The premise of Lights Out is intriguing: a dysfunctional family torn apart by the mother’s psychological issues, which take on a life of their own – or are taken over.
The problem is that before we’re a third of the way through the film, it breaks its own rules.
Sophie (Maria Bello) and her son Martin (Gabriel Bateman) live in a lovely suburban home – where she keeps the lights off as much as possible. You see, she has this friend, Diana, who is very sensitive to light. Diana is a strange beast – she can only move around in the dark – early scenes show her making progress toward a target as the lights go on and off.
And Diana wants Sophie all to herself – we see her as she attacks Sophie’s second husband (Billy Burke).
While Sophie talks with Diana all the time, Diana scares the crap out of Martin who can’t sleep because he has to keep his bedroom light on or she’ll hurt him – a similar situation forced his sister, Rebecca (Teresa Palmer) to move out.
When Martin falls asleep in homeroom for the third time in a week, Rebecca takes him to her apartment – which baffles her more or less boyfriend, Bret (Alexander DiPersia) because in eight months he’s been unable to get to let him stay overnight.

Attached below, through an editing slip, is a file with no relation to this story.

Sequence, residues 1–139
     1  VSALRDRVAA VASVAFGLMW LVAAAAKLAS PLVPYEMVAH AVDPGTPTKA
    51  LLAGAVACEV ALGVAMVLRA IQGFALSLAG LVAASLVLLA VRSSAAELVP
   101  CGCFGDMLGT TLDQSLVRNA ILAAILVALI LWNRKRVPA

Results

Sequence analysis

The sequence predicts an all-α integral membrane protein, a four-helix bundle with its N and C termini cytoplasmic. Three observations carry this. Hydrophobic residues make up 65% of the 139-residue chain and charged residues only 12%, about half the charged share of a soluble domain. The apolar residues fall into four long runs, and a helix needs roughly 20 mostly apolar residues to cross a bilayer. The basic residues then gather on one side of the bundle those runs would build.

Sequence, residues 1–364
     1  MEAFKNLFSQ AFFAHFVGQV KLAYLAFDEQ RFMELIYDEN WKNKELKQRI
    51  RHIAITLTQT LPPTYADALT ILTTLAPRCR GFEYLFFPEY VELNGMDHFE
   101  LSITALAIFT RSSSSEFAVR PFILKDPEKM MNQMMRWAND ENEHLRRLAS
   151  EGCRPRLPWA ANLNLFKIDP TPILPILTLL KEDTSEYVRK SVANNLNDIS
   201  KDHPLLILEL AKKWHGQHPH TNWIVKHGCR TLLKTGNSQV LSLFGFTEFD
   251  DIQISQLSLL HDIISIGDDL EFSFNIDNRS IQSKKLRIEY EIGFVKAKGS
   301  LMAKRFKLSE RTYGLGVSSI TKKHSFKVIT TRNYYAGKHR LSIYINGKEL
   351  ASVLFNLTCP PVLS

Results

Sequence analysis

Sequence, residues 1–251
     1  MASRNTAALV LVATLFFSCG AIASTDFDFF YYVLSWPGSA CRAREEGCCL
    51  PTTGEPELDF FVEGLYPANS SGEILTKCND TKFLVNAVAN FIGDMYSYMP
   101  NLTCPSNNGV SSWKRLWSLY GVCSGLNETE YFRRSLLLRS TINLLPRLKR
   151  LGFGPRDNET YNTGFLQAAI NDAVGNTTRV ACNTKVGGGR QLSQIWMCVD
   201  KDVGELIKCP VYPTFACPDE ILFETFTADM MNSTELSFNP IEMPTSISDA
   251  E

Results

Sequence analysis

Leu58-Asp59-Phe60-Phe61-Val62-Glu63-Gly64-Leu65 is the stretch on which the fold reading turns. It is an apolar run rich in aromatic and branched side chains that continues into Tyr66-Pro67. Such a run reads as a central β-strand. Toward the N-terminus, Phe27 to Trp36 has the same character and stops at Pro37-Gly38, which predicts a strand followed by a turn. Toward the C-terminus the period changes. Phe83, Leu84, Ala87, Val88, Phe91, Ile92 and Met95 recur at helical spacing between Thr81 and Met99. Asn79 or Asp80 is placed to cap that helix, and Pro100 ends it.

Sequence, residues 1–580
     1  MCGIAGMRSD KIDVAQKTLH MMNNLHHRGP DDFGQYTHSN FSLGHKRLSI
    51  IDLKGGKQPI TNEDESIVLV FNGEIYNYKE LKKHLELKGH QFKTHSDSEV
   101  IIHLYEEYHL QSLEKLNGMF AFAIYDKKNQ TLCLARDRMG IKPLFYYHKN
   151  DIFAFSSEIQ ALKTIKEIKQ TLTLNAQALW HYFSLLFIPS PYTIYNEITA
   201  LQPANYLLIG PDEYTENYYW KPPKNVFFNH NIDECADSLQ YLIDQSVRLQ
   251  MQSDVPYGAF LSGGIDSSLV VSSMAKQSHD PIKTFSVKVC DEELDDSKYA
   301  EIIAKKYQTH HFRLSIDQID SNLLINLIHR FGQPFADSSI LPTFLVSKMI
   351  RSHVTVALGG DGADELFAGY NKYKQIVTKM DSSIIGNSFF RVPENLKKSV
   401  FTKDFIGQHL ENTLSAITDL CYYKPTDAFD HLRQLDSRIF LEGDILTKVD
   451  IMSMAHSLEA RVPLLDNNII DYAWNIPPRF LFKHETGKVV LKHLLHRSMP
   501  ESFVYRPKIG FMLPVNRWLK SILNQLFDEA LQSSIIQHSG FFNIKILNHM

There are peripheral subplots (Martin can’t stay with Rebecca because Child Protective Services don’t know about Diana – and how do you explain that anyway…?) but the essence of the story is that Diana goes away when Sophie takes her meds and Sophie isn’t willing to do that, thus putting her children in danger.
The idea of a dysfunctional family being the center of a horror film is fresh – usually a happy family moves into a house that carries its own baggage – and the performances of the principals make us believe that this a family that has been torn apart and would really like not to be.
Maria Bello is especially good as Sophie, who really wants her family around her but isn’t willing to part ways with her ‘friend.’
There are plenty of good things about Lights Out – the fresh take on the haunted family; the effects that Sophie’s issues have had on the family (her first husband left; Rebecca moved out); a genuinely nice guy boyfriend who doesn’t flee at the first sign of spookiness; the effects; the score; the performances…
The problem is that once you establish the rule that light can hurt or even kill Diana, you just can’t have her moving around in a lighted area. And that happens – though a lot of the audience probably won’t get that.
So, despite all its positives, Lights Out just doesn’t quite make it. (Plus, Diana reminded me of the Weeping Angels from Doctor Who – and the episodes in which they appeared were much scarier than this movie).
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Photo courtesy of Warner Bros. Pictures